HOSEPIPE BAN: United Utilities say 'we had no other choice'
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Hosepipe bans are enforced by water companies in an effort to control how much water households can use in times of “serious shortage”. Providers are supposed to cut the following year’s bills by a “reasonable” amount to compensate for the limited supply during any ban. The shortages are almost always caused by a below-average amount of rainfall, or a drought, when there is an exceptionally low amount of rainfall in a small period of time causing reservoirs to run dry.
Brits have already taken to Twitter to share their thoughts on hosepipe bans.
One tweeted: “Cloudless blue skies… it’s just another beautiful spring day here in North Yorkshire…no sign of any April showers… what are they… One of the driest months on record. Hosepipe ban looming presumably.”
Over a photo of the Lake District’s Derwent reservoir, one wrote: “Just shows how warm it’s been in the UK this April as the reservoir level is very low #hosepipeban.”
One person joked: “Bought a new garden hosepipe, just in time for the annual ban.”
While another person tweeted: “Was the same last year and we ended up with a hosepipe ban in May. But then it chucked it down in June!”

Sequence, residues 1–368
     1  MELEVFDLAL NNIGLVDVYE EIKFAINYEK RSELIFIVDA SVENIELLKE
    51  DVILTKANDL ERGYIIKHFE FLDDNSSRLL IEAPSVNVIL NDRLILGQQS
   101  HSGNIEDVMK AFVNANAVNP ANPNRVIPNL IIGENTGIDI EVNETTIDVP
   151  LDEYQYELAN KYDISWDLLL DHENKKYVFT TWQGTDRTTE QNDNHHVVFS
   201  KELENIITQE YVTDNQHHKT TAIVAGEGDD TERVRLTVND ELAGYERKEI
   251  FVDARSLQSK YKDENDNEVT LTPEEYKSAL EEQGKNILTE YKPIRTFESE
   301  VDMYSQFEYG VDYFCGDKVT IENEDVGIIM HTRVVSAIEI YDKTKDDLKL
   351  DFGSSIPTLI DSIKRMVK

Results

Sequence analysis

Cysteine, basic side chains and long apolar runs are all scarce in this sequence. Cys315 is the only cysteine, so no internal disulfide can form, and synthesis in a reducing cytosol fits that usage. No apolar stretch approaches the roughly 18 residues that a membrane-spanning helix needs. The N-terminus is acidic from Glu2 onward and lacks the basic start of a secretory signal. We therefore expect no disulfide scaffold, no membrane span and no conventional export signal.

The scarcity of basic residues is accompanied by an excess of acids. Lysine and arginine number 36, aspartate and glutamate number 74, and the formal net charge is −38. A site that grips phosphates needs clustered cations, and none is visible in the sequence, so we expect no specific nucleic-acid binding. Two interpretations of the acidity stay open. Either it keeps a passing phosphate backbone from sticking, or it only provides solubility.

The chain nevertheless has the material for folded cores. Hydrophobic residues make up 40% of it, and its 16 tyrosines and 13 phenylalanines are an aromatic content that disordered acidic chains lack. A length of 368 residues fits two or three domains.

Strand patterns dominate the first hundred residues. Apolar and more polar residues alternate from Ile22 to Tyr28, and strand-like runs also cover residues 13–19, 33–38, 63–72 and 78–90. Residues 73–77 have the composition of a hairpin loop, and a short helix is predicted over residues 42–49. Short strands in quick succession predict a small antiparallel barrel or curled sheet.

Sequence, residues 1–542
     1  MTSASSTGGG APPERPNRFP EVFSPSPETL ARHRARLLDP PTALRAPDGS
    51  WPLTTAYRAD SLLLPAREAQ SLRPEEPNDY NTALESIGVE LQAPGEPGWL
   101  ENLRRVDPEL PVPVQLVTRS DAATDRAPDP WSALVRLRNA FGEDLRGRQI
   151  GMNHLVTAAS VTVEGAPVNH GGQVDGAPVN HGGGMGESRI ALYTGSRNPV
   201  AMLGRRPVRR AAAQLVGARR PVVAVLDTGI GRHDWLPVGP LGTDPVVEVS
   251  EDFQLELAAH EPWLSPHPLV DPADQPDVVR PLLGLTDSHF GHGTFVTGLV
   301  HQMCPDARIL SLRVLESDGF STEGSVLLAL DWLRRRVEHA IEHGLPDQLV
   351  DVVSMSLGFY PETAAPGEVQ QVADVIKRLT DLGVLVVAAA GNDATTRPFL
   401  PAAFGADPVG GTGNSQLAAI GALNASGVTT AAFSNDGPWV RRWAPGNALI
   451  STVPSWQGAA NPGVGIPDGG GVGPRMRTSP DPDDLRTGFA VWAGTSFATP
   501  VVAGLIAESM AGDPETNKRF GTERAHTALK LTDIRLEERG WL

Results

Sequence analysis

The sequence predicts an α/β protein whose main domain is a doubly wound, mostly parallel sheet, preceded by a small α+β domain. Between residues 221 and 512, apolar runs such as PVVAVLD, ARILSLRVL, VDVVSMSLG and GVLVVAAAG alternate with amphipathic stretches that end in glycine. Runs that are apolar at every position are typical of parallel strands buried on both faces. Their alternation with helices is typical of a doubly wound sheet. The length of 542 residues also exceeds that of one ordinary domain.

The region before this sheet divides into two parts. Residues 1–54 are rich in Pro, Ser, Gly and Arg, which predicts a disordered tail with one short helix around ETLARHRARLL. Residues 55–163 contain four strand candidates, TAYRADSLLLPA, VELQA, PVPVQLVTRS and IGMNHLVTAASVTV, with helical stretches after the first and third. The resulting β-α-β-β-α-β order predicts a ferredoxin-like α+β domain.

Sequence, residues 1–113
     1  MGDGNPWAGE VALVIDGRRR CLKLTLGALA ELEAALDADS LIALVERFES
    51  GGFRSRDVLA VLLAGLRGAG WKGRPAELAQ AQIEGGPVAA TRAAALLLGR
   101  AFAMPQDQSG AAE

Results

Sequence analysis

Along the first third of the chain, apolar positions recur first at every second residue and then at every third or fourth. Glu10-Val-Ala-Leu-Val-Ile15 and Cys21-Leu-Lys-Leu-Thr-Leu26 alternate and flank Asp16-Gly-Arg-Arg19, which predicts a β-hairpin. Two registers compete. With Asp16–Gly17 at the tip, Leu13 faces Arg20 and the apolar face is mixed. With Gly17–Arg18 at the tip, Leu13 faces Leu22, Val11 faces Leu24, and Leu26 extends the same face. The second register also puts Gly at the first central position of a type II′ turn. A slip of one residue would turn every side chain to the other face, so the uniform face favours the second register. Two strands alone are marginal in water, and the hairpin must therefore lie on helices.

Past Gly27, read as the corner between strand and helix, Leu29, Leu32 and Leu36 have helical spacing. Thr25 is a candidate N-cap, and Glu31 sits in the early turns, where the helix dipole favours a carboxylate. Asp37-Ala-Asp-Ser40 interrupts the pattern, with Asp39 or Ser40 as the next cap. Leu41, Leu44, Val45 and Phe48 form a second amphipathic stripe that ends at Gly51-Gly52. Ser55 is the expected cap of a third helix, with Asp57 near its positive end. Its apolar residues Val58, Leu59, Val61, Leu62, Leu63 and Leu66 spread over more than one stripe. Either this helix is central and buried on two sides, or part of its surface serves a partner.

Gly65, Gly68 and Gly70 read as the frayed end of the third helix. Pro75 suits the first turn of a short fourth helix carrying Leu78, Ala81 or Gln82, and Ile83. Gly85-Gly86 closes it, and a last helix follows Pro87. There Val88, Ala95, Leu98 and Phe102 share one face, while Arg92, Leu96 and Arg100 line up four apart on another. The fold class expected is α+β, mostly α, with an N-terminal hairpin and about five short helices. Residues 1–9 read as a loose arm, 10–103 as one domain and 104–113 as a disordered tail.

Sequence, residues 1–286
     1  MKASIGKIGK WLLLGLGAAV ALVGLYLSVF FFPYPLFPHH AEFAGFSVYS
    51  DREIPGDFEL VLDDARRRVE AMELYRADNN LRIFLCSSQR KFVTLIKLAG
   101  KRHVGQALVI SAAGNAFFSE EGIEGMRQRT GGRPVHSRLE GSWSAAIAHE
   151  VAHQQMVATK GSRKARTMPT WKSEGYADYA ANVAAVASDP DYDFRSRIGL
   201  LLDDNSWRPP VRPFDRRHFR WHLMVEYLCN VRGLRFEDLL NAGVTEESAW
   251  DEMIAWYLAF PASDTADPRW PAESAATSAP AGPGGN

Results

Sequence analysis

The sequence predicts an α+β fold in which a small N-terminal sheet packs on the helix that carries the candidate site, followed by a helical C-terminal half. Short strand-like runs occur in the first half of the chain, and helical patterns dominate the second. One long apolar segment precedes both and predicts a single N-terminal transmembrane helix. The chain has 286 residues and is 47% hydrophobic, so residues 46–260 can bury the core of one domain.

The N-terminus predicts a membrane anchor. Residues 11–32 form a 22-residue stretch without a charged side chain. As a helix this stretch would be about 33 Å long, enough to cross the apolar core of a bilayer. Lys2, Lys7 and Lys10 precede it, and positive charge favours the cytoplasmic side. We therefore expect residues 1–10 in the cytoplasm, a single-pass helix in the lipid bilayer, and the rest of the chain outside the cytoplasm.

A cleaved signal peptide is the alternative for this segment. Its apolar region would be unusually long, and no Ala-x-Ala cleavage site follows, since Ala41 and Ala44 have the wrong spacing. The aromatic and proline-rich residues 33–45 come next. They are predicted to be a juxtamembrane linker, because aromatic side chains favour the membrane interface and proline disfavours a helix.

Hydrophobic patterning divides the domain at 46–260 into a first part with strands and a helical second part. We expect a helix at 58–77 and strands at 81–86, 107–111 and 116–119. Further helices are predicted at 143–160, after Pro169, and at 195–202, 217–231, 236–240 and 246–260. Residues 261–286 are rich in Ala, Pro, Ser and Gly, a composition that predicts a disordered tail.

The UK faced its first blanket hosepipe ban in seven years in 2019 after scorching temperatures in May sent water levels down.
In 2018, a hosepipe ban affecting millions of people in the north-west was called off after a last-minute deluge of rain.
Water supplier United Utilities had planned the ban for seven million households from August 5, but a sudden storm at the eleventh hour saw the move cancelled.
Will there be a hosepipe ban this year?
As things stand, there’s no ban on hosepipes anywhere in England or the UK right now.
Things could, however, change if the weather continues on a warm trajectory with minimal rainfall.
Temporary bans can make it illegal for householders to water gardens or wash the car with a hosepipe.
They can also ban people from filling swimming pools, ponds and fountains from the mains supply as well as cleaning windows, paths and decking with a hose.
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Gardeners are still allowed to water the plants with a watering can during a ban, however.
During hosepipe bans consumers are also urged to be considerate with their water usage due to the shortage.
People are often asked to have showers instead of baths and make sure they don’t leave taps running while they shave or brush their teeth.
Utility companies are given the powers under the Flood and Water Management Act 2010, which extended previous laws.
They can limit any or all activities all the time or at specific time during the day, for as long as they deem necessary to do so.
If found guilty of breaking a hosepipe ban, homeowners and tenants can be prosecuted in criminal court and fined up to £1,000.
The Met Office said last spring was one of the driest on record, with some regions of the UK seeing about a third of their normal rainfall levels.
If the weather continues to stay dry and warm, a hosepipe ban will likely be imposed this year.
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